The picture. I made this picture a couple of years ago. It’s one of those “lost” images. It wasn’t lost. I just forgot the proper file in my messy archive. I haven’t been to this place in at least two years. I’ll go back soon, once @NOLAheat cools down. Sheesh. Normally, I describe our summer weather as a sauna. Not this week. It’s an oven out there.

Anyway.

Now and then I get up early. That’s how I made this picture. Technically, in order to get the flare and the starburst I used a very small aperture, probably f/16 or f/22. Normally, that would mean a very slow shutter speed, but not with that sun shining directly at me. I did some work in post production. Mostly, I opened up some shadow areas. And, I made the light a little more yellow.

 


In the early morning.

If you get up early and go outside.

You might be lucky enough to sunlight sparkle. To see shadows dance. To see nature glow. You might even be lucky enough to carry a camera. You might have the vision to see what is. To see what might be.

With luck, the beauty will find you. You’ll be amazed. You’ll stand in wonder.

You’ll decide to make a picture. You won’t work very hard. Because. The picture will take you. You’ll know that’s the one. There won’t be a discussion. It just shall be.


Very hot morning.

Does it? Or, doesn’t it?

If the picture says hot, or early morning heat, then I made another summer project picture.  If it doesn’t, that’s okay. I made a picture that I like. A lot.

By accident.

My pal on the internet scene, Montana Rose, posted a picture yesterday that she said she made by accident. I was going to comment on her site that all of my pictures are made by accident. I might be exaggerating. Still, I do make a lot of pictures on the way to some place else.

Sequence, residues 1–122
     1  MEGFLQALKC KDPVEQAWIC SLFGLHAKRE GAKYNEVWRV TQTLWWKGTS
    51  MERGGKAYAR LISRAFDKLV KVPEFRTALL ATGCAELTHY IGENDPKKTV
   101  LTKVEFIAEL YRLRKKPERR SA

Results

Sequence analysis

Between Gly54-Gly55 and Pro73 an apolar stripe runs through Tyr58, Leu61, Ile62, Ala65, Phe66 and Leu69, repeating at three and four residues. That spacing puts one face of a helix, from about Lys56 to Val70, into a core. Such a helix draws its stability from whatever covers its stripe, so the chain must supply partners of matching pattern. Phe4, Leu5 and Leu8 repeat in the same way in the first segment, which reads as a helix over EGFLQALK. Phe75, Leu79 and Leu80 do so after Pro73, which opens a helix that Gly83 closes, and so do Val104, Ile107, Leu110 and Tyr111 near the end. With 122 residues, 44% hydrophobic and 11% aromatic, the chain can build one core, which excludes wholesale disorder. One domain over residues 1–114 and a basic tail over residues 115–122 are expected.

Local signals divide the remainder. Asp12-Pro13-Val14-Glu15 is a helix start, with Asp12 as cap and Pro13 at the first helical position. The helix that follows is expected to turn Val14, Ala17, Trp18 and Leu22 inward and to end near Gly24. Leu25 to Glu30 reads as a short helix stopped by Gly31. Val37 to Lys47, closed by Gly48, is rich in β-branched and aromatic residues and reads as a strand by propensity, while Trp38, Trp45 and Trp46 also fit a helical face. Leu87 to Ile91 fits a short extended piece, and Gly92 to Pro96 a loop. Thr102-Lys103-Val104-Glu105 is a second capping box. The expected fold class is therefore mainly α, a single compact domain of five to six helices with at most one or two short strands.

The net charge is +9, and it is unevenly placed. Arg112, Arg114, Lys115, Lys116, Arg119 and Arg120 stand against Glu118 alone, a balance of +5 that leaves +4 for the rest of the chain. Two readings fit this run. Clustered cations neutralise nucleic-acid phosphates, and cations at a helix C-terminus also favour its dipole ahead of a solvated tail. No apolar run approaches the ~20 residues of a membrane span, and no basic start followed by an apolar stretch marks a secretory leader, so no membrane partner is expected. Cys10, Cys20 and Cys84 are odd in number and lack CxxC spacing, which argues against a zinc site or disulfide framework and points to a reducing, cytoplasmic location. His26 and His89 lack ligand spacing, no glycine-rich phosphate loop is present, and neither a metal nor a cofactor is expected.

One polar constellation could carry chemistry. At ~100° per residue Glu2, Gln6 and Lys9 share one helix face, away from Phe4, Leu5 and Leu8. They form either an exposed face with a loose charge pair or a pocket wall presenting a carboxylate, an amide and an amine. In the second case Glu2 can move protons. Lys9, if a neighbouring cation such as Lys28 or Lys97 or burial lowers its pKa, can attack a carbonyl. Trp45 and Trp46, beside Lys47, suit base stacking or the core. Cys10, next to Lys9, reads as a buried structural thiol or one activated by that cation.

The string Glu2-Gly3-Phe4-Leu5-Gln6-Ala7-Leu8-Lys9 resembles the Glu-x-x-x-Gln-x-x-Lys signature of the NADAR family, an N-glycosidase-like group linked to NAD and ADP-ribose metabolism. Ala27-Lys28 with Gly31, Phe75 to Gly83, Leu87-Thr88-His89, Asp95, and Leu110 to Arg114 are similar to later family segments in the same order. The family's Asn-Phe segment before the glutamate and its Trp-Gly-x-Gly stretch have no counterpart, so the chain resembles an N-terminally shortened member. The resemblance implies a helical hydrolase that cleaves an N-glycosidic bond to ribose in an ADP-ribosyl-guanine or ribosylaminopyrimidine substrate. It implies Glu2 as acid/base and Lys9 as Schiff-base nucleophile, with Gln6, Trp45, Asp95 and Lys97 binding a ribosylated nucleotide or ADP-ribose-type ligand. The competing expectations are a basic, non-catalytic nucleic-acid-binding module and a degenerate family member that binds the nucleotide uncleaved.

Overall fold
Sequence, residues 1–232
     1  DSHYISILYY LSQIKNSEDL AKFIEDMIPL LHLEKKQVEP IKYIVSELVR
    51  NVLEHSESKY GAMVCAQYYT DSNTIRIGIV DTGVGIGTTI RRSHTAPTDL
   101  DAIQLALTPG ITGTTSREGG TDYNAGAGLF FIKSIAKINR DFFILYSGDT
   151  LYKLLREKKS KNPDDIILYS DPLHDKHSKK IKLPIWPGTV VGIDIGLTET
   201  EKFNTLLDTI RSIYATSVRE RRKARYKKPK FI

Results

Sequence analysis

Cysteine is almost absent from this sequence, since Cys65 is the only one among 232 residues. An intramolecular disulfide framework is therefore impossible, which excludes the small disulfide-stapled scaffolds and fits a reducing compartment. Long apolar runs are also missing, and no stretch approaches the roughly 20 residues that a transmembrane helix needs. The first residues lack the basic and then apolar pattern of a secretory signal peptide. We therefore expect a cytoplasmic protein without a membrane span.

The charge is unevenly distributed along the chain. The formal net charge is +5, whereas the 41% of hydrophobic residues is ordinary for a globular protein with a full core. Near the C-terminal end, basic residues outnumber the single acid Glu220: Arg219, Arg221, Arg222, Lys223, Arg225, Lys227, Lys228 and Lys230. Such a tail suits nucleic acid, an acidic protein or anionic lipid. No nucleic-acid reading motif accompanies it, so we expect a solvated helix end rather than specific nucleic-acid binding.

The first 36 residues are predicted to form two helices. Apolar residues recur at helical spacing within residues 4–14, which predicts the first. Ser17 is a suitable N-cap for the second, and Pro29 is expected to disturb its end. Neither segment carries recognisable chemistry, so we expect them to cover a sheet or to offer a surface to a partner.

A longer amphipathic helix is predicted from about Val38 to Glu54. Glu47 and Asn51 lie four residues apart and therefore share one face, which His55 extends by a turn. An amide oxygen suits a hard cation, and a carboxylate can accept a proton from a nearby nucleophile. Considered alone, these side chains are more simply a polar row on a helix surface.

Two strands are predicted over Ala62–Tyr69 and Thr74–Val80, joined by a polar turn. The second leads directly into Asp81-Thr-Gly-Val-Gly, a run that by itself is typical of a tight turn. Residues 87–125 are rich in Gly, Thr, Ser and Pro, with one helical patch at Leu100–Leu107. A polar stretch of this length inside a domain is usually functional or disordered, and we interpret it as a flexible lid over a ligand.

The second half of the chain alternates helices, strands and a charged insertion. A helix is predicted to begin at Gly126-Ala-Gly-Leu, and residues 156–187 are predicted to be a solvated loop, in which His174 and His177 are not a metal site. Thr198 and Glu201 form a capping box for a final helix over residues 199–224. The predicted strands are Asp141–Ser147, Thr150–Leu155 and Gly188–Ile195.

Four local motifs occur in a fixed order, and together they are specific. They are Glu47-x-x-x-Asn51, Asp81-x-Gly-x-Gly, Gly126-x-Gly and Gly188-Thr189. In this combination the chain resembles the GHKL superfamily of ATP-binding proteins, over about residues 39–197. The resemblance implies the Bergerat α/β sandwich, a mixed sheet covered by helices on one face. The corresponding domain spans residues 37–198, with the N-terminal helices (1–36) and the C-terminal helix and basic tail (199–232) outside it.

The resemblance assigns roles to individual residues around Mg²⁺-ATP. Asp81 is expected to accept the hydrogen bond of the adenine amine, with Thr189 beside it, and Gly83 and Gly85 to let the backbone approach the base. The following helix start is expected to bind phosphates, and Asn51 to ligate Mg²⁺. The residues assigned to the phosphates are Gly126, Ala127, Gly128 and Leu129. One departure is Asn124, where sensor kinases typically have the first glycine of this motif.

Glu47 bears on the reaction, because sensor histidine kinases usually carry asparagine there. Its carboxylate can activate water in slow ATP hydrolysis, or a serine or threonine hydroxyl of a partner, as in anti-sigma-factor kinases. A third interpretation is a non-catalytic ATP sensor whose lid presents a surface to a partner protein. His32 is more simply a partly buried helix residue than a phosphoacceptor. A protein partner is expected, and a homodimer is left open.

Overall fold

This time, I saw some shadows dancing on a wall . I turned around to see what was causing that. I saw this scene. I couldn’t frame. I couldn’t compose. Sheesh, I pretty much couldn’t see. I just turned around and pushed the button a couple of times.  I knew I made some kind of picture. I didn’t know what.

It wasn’t until I arrived in a darker place that I tool a look at the LCD, “Whew,” I thought. “Ain’t that something?”

Photographer’s luck.


About summer.
Looking toward the east.

For at least the last five years, I’ve been trying to make at least ten very good pictures that are about summer.

I haven’t succeeded yet.

I probably won’t again this summer.

I know, I know. With that attitude I have assured myself of failure.

Not really.

It’s just a realistic statement that takes into account how difficult it is to make ten good pictures about anything over the course of a year. Sheesh. I’ve been at this for just under fifty years. I’ve made a lot of good pictures. I don’t make bad pictures.

But.

If you were to ask me about my great pictures, only three come to mind. Fifty years. Three great pictures. That ain’t a great ratio. I’m sure there are a lot of better shooters than I am, who have made far more memorable pictures that I have, but, if you ask them, they’ll say about the same thing.

As I’ve been putting older work, mostly from Asia on NGS’ “Your Shot.” I’ve been thinking, “Me?” “I took that picture?” “It must have been a better photographer” I’m not being overly humble. I’m just surprising myself by looking at old, almost forgotten work.” Still, those images don’t crack into my “excellent category.”

That’s one of the great things about getting older — among damn few good things — you have the wisdom of perspective. You understand that most pictures shared on Instagram are nonsense, especially when they are posted as professional work.

The picture. Make no mistake. This isn’t one of the ten great summer images. This is just a tree that I photographed in early morning light. It was backlighted so it caught my attention. It reminded me to start looking right now. Right this minute. For summertime pictures.

Man. I’ve got a lot to do in the next twelve weeks or so.